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Early Manuscript Map of the State of Queretaro with Villages, Haciendas, and Missions, Including the World Heritage Site Missions

Finely executed manuscript map of the State of Queretaro, quite likely made for the Sociedad Mexicana de Geografía y Estadística (SMGE). The map is one of the earliest extant maps of the state of Queretaro following Mexican Independence and, if in fact constructed by the SMGE, it would be one of the earliest extant official Mexican maps of the state.

The map shows the capital, [Santiago de] Queretaro, and its connections to the other villages, haciendas, and missions of the state. The title is at the left, topped by the coat of arms of the state. Snaking around the road network is a dotted line marked in red which marks the rough state boundary. Gray hills show the mountainous terrain to the north, the Sierra Gorda, as well as the less rugged land to the south.

The Sierra Gorda range in the north contains the majority of the M markers on the map, which denote missions. The northernmost of these-Concá, Toancoyol, Tilaco, Jalpan and Landa (last two not marked as missions on this map)-are Franciscan missions established in the mid-eighteenth century. During their initial conquest of New Spain, the Spanish encountered fierce resistance in the Sierra Gorda. The Franciscans, Dominicans, and Augustinians all tried to establish missions in the sixteenth and seventeenth centuries, but none lasted in the face of difficult geography and resistant peoples. In 1740, José de Escandón was ordered to carry out a brutal pacification campaign; permanent missions followed. At least five of these were established by Junípero Serra, who would later continue as a missionary in California. In 2003, the missions received World Heritage Site status.

Queretaro and its surrounding environs, by far the largest feature on the map, was peopled long before the Spanish arrived. During the Spanish Conquest, the people living in the valley resisted the Europeans until, on July 25, 1531, during a battle, the sky went dark. Spanish witnesses claimed that the apostle Santiago (Saint James) appeared with a cross. Upon witnessing the loss of light during the day time, the indigenous peoples supposedly surrendered. The vision of Santiago led to the city's name, Santiago de Queretaro. However, the local peoples did not simply give up and skirmishes characterized early Spanish-indigenous relations.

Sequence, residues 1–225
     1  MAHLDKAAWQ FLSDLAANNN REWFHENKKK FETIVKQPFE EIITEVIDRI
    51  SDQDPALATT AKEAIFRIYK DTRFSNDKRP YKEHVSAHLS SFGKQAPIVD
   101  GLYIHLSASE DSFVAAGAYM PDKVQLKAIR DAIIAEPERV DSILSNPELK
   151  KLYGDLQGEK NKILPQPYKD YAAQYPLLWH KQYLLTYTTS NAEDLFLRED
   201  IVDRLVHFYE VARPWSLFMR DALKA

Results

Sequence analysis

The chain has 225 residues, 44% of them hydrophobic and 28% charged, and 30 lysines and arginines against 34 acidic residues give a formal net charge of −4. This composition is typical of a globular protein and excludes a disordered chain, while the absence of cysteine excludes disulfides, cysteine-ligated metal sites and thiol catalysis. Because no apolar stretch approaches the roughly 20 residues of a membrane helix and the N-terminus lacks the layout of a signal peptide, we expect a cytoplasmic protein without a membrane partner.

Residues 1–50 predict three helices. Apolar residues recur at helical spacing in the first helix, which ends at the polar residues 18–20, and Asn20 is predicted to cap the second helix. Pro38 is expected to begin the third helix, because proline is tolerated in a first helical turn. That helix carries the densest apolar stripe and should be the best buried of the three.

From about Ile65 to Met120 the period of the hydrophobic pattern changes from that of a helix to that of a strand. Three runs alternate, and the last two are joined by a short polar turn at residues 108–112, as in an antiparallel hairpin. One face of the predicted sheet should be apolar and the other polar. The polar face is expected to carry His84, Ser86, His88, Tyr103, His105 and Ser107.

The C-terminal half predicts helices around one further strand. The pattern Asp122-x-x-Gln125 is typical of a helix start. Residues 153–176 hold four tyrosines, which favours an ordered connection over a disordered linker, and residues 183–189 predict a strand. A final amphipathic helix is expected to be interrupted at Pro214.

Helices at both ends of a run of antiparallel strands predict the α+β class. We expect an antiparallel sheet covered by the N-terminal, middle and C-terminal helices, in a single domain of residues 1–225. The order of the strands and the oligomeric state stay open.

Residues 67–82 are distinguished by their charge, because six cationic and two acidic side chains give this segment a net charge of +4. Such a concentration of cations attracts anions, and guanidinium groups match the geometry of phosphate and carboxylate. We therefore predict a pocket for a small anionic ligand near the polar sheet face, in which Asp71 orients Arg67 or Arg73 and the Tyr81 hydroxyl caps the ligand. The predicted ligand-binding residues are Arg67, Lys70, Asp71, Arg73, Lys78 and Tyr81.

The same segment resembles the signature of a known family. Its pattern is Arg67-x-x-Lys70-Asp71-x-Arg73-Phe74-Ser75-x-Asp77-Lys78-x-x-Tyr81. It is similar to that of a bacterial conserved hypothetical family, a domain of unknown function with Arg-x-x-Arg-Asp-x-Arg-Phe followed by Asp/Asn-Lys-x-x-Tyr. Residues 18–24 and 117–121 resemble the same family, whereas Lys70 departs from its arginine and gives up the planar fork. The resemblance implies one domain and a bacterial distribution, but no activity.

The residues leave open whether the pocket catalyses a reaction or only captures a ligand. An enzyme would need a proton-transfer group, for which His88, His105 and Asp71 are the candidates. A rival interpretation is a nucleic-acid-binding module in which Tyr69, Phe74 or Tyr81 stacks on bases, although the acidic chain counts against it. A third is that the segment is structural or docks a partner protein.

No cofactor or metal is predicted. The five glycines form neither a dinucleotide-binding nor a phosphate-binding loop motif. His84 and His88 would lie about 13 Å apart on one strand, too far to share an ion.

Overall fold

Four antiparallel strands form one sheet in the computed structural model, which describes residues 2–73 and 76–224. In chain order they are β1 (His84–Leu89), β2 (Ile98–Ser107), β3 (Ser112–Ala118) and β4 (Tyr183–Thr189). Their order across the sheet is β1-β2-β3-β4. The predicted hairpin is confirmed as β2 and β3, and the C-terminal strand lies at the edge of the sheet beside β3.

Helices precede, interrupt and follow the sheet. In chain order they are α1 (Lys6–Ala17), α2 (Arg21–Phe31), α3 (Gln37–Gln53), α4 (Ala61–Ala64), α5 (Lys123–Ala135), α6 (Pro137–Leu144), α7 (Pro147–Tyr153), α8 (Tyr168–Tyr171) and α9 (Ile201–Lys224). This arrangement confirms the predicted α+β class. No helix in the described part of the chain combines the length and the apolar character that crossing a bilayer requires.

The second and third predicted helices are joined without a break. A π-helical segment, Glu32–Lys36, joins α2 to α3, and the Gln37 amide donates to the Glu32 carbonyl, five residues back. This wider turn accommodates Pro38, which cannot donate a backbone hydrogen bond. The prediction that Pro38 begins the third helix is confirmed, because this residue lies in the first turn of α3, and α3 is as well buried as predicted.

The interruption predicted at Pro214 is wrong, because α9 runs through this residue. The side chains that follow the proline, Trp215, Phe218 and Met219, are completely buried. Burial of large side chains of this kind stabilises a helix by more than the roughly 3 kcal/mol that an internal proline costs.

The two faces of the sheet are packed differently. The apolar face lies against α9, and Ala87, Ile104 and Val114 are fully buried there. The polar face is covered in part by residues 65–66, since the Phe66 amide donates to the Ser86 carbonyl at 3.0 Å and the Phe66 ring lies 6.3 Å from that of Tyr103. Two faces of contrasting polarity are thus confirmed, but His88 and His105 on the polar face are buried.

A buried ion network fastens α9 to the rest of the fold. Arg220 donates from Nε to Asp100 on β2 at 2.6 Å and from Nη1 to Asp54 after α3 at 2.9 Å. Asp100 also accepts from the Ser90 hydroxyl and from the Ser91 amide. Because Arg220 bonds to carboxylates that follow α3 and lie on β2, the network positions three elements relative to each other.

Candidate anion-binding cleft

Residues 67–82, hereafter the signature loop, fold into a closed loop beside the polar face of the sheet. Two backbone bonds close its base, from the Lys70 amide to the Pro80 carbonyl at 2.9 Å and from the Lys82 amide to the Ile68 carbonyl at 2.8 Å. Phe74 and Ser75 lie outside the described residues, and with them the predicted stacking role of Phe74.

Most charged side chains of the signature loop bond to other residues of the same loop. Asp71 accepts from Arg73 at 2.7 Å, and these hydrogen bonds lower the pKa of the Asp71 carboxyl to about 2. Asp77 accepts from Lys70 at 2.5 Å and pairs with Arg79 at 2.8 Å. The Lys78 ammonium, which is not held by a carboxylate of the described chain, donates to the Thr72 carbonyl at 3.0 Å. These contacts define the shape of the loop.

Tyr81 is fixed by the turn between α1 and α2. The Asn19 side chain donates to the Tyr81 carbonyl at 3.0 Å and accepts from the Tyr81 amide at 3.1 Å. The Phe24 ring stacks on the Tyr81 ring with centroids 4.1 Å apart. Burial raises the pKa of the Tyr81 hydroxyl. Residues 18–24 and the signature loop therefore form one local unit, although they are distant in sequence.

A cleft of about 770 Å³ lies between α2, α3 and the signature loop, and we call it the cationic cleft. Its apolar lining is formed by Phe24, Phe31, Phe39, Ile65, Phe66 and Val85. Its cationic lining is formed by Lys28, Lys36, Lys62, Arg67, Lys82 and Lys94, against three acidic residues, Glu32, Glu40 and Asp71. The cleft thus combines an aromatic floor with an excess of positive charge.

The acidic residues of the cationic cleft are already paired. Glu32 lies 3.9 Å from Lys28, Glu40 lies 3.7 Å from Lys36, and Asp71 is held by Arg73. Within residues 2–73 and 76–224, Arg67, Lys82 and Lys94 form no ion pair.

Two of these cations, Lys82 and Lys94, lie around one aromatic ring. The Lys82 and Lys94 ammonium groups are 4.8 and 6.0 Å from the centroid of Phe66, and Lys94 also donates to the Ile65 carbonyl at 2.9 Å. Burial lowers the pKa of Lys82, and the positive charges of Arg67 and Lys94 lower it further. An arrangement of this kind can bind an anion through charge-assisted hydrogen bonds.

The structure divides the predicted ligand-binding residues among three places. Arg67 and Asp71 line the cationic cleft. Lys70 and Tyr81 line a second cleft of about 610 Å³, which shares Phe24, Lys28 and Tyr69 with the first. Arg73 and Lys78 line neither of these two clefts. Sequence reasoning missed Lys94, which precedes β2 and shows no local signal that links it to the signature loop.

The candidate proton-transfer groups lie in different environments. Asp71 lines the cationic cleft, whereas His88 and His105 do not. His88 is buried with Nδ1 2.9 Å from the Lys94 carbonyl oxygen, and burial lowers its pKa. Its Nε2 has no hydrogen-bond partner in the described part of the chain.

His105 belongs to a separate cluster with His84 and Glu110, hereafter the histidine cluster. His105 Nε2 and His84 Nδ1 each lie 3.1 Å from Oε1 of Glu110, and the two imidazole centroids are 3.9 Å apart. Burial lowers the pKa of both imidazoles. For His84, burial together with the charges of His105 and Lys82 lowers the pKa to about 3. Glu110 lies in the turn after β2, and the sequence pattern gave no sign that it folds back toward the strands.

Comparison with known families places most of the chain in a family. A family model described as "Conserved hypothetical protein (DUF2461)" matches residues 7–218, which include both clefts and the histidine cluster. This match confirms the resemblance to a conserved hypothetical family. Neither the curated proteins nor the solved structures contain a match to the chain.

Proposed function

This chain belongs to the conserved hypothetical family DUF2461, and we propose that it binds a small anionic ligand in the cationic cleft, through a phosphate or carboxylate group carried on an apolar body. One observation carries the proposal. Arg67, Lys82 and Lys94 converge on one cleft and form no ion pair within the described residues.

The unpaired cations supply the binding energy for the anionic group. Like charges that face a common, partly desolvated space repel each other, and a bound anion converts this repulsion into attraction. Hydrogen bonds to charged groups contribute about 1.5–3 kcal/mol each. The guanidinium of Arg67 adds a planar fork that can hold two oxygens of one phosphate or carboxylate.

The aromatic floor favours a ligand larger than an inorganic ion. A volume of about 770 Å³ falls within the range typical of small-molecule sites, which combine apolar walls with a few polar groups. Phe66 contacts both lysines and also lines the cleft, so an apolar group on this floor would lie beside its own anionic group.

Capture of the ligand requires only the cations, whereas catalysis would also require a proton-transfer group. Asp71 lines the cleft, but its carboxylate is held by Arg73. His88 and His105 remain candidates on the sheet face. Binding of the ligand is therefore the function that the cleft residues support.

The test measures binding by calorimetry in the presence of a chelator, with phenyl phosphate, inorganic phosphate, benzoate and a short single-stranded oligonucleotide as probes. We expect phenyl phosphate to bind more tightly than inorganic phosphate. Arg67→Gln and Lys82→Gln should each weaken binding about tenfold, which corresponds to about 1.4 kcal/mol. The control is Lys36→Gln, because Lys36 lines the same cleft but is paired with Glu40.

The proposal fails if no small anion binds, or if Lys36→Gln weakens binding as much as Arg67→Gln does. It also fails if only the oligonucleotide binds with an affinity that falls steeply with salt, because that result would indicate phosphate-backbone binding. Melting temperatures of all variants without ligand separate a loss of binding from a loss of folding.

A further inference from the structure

Eventually, Queretaro grew to be an important city for the Spanish Empire. Indeed, it was touted as the third city of the Viceroyalty after Mexico City and Puebla. This did not mean there were still not those who disliked Spanish rule. By the early nineteenth century the city was a hotbed of insurgency; one of the first plots in the War of Independence unfolded in Queretaro in 1810, although it was foiled. In 1823, Queretaro was named the capital of the state of Queretaro. The first state constitution was signed in 1825. The town's colonial center has been a World Heritage Site since 1996.

The Sociedad Mexicana de Geografía y Estadística was founded in 1833 and was one of the first scientific societies started in the Americas. Various editions of this map, in manuscript format, are noted in several early Mexican Geographical publications, including Materials para una cartografie mexicana por el ingeniero Lic. Manuel Orozco ..., page 131, #819 (1871) and Memoria, presentada a la Sociedad mexicana de geografia y estadistica por el Premier Secretario Lic. Ignacio M. Altamirano En Enero de 1880 (page 288).

Condition Description
Manuscript map, with some areas showing evidence of recent attempts to clean the map. The title section has been entirely cut out and added, in a contemporary hand, suggesting that an error was made in the first draft and it was cut out and changed at the time it was created.